This piece by Nicholas Kristof encapsulates everything I don’t like about ‘evolutionary psychology’, particularly in its pop mode. Kristof makes the argument that the success of the religious right is due to a predisposition to religious belief grounded in supposed evolutionary advantages, supposedly reflected in a particular gene, referred to by its putative discoverer as ‘The God Gene’. This is pretty much a standard example of EP in action. Take a local, but vigorously contested, social norm, invent a ‘just so’ story and assert that you have discovered a genetically determined universal. Kristof doesn’t quite get to the point of asserting that there exists a gene for voting Republican, but it follows logically from his argument (Dawkins defends the idea of a gene for tying shoelaces, for example).
Where to begin on the problems of all this?
The obvious one is that a large proportion of the US population, and a much larger proportion of the population in other developed countries, appears to lack the necessary gene. If you are going to explain this kind of thing properly in an EP context, you can’t, as Kristof does, assert that believing in God has evolutionary advantages – otherwise atheists would be extinct. You need a stable mixed-strategy equilibrium. I’m sure I could generate half a dozen untestable Pleistocene scenarios for such an equilibrium if I put my mind to it for an hour, but Kristof doesn’t even bother.
Then there’s the problem that proportions of believers have changed radically in the space of a few generations. In the late 18th century, Dr Johnson plausibly asserted that there were not above a dozen outright atheists in the kingdom of England. Unless this tiny band of infidels was incredibly fecund, it’s hard to account for the millions who can be found there today. The contrast between the US and Europe today is even more striking, since the differences in living standards and lifestyles is small and the gene pools are fairly similar. Quite subtle differences in social conditions can generate huge differences in religious beliefs.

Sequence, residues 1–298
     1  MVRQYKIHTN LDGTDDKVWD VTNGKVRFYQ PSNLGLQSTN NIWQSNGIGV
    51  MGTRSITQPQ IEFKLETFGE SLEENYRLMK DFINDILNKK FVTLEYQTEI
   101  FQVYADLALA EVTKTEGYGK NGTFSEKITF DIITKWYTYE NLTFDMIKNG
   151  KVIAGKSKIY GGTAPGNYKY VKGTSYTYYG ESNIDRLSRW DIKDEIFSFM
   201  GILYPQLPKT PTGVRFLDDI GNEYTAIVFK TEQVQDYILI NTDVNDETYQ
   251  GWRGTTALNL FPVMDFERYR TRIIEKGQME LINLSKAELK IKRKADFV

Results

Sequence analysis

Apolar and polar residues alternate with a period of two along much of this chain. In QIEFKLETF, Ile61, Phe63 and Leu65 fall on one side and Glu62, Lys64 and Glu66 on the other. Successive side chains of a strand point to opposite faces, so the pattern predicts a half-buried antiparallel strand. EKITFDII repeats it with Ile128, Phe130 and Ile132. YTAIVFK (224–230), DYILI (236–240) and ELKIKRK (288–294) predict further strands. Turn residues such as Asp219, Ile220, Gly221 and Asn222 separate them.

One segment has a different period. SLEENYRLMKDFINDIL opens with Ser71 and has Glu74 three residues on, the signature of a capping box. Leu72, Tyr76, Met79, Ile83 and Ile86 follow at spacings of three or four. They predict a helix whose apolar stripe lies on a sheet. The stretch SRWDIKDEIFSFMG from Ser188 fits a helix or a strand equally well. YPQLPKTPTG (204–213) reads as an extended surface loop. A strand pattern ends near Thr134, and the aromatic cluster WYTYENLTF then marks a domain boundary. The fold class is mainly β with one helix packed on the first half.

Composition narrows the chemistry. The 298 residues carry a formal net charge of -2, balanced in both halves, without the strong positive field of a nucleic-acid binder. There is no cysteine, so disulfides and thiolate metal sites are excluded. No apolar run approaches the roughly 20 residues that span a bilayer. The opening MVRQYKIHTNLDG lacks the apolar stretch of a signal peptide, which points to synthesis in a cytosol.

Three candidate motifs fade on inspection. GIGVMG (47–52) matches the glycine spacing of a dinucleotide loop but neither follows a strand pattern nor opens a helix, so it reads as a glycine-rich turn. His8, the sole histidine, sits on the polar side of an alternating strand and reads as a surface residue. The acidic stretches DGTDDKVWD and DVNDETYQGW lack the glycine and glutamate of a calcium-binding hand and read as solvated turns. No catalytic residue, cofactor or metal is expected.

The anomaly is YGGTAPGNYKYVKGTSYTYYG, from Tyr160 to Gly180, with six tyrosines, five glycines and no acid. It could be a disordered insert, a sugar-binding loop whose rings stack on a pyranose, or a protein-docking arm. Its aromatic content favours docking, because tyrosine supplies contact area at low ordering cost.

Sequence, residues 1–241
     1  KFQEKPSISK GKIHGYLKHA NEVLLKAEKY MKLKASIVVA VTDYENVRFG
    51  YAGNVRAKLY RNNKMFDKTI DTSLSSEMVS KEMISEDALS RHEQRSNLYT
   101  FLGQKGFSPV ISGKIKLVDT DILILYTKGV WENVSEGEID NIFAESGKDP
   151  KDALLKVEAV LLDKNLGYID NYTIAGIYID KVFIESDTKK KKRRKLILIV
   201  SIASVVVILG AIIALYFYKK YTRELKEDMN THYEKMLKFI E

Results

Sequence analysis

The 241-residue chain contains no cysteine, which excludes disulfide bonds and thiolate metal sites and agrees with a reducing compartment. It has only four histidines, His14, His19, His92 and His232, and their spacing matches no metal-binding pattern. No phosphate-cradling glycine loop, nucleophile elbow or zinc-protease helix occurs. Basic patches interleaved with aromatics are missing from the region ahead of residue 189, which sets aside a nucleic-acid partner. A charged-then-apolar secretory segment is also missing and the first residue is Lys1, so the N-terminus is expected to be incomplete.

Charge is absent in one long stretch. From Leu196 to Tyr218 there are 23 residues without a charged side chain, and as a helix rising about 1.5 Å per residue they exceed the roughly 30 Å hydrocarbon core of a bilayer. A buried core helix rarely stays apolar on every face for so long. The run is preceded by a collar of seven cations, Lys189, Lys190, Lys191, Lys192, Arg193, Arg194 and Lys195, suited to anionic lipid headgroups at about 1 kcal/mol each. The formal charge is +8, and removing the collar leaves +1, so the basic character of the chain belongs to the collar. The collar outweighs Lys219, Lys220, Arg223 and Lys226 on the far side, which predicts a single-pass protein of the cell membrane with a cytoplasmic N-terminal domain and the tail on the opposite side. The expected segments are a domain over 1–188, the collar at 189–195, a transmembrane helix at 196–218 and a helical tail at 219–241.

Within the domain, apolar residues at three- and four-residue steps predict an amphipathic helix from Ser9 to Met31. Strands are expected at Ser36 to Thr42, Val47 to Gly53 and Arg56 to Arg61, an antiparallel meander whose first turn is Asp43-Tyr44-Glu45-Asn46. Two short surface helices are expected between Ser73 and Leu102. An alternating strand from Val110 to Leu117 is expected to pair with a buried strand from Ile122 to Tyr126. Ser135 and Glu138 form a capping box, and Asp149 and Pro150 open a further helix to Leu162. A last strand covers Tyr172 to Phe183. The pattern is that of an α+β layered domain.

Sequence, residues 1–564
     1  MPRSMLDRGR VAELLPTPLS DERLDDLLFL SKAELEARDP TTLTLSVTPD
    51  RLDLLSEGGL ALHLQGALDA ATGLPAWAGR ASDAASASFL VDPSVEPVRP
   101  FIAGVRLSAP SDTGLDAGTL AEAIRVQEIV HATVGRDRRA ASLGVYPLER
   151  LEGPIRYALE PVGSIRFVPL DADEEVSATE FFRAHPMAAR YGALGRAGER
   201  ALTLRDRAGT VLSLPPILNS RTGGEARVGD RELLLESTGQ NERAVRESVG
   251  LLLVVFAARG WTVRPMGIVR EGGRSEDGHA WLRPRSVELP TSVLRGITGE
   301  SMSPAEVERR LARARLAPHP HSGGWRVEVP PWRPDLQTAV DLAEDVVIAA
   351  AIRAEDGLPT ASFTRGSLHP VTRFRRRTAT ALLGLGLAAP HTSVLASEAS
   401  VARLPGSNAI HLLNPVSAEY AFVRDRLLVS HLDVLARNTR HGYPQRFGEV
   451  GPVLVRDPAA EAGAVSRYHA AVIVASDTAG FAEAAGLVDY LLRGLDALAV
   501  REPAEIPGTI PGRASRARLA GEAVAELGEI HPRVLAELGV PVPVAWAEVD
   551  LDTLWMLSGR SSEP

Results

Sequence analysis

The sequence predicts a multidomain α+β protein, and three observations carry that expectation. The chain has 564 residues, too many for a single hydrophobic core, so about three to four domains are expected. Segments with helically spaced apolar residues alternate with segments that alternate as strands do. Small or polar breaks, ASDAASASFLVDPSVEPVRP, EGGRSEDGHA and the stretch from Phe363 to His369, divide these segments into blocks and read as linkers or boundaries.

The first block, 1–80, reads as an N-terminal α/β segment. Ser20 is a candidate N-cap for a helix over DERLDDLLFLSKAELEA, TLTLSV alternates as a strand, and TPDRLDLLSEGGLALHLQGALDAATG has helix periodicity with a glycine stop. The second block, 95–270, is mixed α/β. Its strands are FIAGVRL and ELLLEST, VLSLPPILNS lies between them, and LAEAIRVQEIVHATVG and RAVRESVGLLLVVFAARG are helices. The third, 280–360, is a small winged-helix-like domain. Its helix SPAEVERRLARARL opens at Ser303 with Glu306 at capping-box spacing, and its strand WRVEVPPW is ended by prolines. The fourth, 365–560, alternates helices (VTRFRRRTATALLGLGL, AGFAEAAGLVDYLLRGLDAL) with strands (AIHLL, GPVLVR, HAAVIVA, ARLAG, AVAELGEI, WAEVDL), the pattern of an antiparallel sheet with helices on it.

Third, there’s the definition of religion. Kristof makes much of Chinese drivers dangling pictures of Chairman Mao from their rear-view mirrors, but this is better described as superstition than religion. If he is saying that people haven’t evolved to be perfectly rational, and that superstition is one manifestation of this, then I won’t disagree, but I’ll bet my lucky T-shirt he wants to claim something stronger than this.
Coming back to the starting point, this kind of problem arises invariably with pop EP because it’s inherent in the applications. No doubt EP can be used, at least in principle, to explain genuine cultural universals (according to Pinker, ‘tickling’ is an example) but no one cares much about genuine cultural universals. If there were pro-tickling and anti-tickling factions, a great deal of effort would be expended on proving that tickling was natural, and a crucial part of training hunters to stay silent while tracking the great mammoth or whatever. Since, AFAIK, no-one much is against tickling, the issue doesn’t arise.